In contrast to public/private key systems, authentication systems can be built using a “challenge response” scheme. See, for example, U.S. Pat. No. 4,723,284 to Munck and Chapin, for “Authentication system”. After the receiver (authenticator) and the sender (user) have contractually agreed upon a set of challenge-response pairs, whenever this user wants to gain access, the authenticator poses a challenge randomly chosen from among the set of agreed upon pairs. The user authenticates himself or herself by looking through the predetermined list to pick out the appropriate response and providing it to the system. On verifying the correctness of this response, the system provides access to the user. The table of predetermined challenge-response pairs may be replaced by computational procedures that, using a much shorter private key provided to both the system and the user, generates a challenge at the system side given the identity of the user, and given such a challenge and the local private key, generates the appropriate response, which in turn can be verified by the system. See, for example, U.S. Pat. No. 4,935,962 to Austin, for “Method and system for authentication”, and U.S. Pat. No. 4,999,258 to Davies, for “Apparatus and methods for granting access to computers”. The method disclosed in U.S. Pat. No. 5,406,623 to Beller and Jacobi, for “Public key authentication and key agreement for low-cost terminals”, is particularly suited to a system and user with asymmetric computational resources. Challenge response systems have the advantage over Public Key encryption systems that a single exchange is insufficient to break the system. Even if the eavesdropper listened to one challenge and response, the response will be useless if he tries to access the system, since a new challenge will be thrown the next time around. However, the traditional challenge response system is not suited for sending an arbitrary message but is used to achieve authentication.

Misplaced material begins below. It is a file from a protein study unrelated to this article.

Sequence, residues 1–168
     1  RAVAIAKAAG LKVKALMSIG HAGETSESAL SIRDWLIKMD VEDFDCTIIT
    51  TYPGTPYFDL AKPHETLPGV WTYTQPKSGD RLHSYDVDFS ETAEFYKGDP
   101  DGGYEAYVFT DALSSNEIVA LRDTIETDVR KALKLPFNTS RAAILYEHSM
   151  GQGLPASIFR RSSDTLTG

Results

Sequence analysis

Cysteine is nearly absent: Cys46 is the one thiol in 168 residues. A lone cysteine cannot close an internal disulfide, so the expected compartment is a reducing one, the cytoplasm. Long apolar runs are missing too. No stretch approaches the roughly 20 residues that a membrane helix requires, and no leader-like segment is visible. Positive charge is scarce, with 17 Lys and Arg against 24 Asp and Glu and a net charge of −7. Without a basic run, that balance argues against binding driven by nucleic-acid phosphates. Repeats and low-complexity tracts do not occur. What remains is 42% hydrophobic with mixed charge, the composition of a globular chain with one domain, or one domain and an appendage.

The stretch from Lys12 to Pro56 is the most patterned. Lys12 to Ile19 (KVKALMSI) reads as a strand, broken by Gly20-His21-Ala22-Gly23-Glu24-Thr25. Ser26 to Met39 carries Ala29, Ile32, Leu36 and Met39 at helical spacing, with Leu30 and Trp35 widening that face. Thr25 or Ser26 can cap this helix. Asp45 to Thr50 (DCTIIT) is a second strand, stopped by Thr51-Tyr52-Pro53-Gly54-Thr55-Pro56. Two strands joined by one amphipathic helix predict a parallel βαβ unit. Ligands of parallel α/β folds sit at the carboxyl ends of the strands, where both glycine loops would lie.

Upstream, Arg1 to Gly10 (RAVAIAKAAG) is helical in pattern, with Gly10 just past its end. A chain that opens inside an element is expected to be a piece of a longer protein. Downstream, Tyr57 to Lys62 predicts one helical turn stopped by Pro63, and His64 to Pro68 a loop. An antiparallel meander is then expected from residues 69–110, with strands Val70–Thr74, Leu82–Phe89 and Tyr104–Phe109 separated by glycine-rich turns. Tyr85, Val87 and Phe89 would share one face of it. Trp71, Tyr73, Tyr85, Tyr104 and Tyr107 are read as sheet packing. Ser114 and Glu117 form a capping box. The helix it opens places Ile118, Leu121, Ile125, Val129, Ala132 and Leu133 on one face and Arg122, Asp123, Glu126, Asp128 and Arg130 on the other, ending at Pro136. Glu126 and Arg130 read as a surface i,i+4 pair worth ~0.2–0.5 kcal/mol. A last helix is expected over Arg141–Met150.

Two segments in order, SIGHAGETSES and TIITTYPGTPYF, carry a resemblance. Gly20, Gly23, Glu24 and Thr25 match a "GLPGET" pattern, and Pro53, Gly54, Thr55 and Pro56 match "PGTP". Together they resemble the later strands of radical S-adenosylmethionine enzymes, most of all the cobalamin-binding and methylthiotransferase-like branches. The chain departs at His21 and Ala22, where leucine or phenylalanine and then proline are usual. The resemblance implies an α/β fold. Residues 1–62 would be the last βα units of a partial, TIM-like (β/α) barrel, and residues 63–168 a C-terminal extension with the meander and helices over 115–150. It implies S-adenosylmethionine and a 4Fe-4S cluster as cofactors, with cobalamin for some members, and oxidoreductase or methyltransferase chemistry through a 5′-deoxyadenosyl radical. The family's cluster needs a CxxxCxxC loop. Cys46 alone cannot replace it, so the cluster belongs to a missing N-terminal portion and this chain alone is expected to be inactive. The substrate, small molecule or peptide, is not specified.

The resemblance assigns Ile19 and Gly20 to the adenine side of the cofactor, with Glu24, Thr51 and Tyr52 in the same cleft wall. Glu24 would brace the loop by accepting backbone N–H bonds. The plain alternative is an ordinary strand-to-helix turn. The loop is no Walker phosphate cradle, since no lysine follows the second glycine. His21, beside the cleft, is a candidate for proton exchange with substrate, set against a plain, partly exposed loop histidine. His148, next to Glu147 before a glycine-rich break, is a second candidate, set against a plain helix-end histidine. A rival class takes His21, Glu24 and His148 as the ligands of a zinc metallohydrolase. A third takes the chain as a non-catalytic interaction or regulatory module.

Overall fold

Strong encryption, such as RSA (for Rivest, Shamir and Adleman) encryption using 128-bit keys, is a good way of secure electronic data transfer. However, for various reasons, the option of using strong encryption is not always available. For instance, laws of many nations proscribe the use of strong encryption in communications that cross national boundaries.
It is therefore an object of the present invention to provide a keyless encryption of messages.
According to the invention, there is provided a secure method of data transfer using a challenge response in which a correct response to a challenge is used to transmit the value “1”, while a deliberately false response is made to transmit the value “0”. Any message can be transmitted as a binary string using successive applications of this method.
This invention extends the challenge-response system from a purely authentication system to that of a message encryption system suitable for sending arbitrary message in a secret fashion. In the new method, the sender and receiver agree on a set of challenge-response pairs as usual. When the sender wishes to send an arbitrary message, the sender converts the message into binary format (using a standard convention, e.g. ASCII (American Standard Code for Information Interchange) if the message is a string). Then, each bit of the message is sent as a response. For every bit, the receiver issues a challenge. If the bit that the sender has to transmit is a one, the sender sends the correct response. If the bit is a zero, he sends a randomly chosen wrong response to indicate that the bit is a zero (the function of correct and incorrect responses could be reversed, in a pre-agreed manner). The conversation ends when the entire message is transmitted this way, either by sending the length of the message in the beginning, pre-agreeing on the length of the message, or by sending a suitable sequence of bits to indicate termination. For simplicity, we will restrict our description to the case where k, the number of bits in the message is fixed. It is easy to extend this system to one that can transmit an arbitrarily large number of bits, for example, by either sending the number of bits contained in the message up front or by sending a previously agreed upon termination bit pattern at the end of a message. In many applications (e.g., the transmission of credit card numbers), the number of bits to be transmitted may be fixed.
The foregoing and other objects, aspects and advantages will be better understood from the following detailed description of a preferred embodiment of the invention with reference to the drawings, in which:
FIG. 1 is a block diagram showing the general protocol according to the invention;
FIG. 2 is a flow diagram of the procedure implemented at the sender according to the invention; and
FIG. 3 is a flow diagram of the procedure implemented at the receiver according to the invention.